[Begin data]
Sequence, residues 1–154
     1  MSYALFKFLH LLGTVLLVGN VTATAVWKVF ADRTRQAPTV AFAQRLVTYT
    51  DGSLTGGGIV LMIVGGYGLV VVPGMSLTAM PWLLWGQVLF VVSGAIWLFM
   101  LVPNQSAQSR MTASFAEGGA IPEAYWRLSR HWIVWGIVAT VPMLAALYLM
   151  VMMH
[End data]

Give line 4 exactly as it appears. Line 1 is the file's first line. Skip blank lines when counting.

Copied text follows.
   101  LVPNQSAQSR MTASFAEGGA IPEAYWRLSR HWIVWGIVAT VPMLAALYLM